FBOs also face challenges in the interpretation of SCCL rules for credit-risk shifting to arrive at aggregate net exposure, and in the identification of counterparty legal ownership necessary for determining control.

Liquidity Risk Requirements

The Fed is seeking industry comment on the application of liquidity reporting and risk requirements for U.S. FBOs. The proposal requires Category II, III and IV institutions to calculate wSTWF in addition to other asset-size and risk-based activity indicators to identify the appropriate category of prudential standards, as articulated in the Federal Reserve’s exhibit following:

Proposed Liquidity Requirements for Foreign Banking Organizations (FBOs)

Category II, III and IV institutions will have to comply with the following:

  • FR 2052a Complex Institution Liquidity Monitoring Report
  • Liquidity Coverage Ratio: Requires banks to hold a reserve of high-quality liquid assets (HQLA) to allow them to survive a period of significant liquidity stress lasting 30 calendar days
  • Net Stable Funding Ratio: Requires banks to maintain reliable capital and liabilities over a one-year time frame against balance-sheet assets and certain off-balance-sheet exposure. The ratio should always be greater than or equal to 100%, at a minimum
  • Liquidity stress-testing and risk-management standards: Banks are expected to implement and maintain Basel and Federal Reserve principles for managing liquidity risks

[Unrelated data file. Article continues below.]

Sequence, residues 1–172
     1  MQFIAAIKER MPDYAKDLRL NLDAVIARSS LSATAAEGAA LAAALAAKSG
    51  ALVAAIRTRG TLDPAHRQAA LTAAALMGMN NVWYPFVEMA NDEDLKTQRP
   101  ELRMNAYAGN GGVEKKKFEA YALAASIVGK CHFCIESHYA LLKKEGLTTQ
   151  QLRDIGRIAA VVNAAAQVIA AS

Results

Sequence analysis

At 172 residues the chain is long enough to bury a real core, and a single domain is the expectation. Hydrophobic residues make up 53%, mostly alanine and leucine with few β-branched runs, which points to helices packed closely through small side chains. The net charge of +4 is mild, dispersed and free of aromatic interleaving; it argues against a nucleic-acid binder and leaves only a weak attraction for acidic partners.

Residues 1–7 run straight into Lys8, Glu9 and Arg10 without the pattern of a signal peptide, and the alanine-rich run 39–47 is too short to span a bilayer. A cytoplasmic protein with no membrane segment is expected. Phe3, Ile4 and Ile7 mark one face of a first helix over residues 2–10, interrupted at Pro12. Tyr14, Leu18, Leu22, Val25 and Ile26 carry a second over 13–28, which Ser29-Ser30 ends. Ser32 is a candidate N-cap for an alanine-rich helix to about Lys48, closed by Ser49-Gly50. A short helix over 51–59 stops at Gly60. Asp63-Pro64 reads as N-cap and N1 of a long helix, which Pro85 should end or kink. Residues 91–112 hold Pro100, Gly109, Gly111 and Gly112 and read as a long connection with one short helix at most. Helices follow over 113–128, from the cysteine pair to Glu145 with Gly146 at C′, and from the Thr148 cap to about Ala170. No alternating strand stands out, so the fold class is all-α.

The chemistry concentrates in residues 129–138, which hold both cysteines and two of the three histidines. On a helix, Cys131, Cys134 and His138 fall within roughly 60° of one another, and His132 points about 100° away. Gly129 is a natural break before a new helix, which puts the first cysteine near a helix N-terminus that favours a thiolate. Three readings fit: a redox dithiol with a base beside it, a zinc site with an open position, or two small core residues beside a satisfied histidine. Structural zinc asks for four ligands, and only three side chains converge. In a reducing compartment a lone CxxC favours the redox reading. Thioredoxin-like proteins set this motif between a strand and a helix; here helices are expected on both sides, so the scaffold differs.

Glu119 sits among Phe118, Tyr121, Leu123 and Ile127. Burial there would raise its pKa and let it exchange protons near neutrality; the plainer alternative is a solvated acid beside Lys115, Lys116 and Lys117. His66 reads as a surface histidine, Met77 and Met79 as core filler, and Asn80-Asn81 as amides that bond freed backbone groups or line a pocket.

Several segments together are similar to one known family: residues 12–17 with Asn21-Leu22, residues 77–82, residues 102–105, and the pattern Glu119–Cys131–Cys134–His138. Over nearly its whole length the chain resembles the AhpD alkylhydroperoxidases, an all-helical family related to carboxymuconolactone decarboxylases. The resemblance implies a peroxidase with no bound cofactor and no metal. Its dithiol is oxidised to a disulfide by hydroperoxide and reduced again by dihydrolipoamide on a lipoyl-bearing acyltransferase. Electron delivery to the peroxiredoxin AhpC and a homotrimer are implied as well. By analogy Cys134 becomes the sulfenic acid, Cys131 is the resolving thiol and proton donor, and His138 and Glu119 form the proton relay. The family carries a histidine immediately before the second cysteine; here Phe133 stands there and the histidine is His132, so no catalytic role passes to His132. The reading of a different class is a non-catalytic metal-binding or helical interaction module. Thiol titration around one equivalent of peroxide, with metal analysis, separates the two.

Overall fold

Implication: Compliance with liquidity risk requirements should be viewed as a strategic solution for effective liquidity management benefiting the organization, rather than as a stand-alone regulatory requirement. Institutions that adopt a strategic view achieve competitive advantages over peers that choose tactical solutions without adequately capturing the risk tolerance of their balance sheet.

Implications, Implications, Implications

The time is now to begin surfacing these concerns and challenges within your organizations — while there is still a window of time before the Federal Reserve’s proposed prudential regulatory revisions go into effect.

AxiomSL has built a community of clients across the FBO and U.S. banking marketplace that have implemented Balance Sheet, Capital, Single Counterparty Credit Limits and Liquidity requirements.

Engage with us to start a conversation here.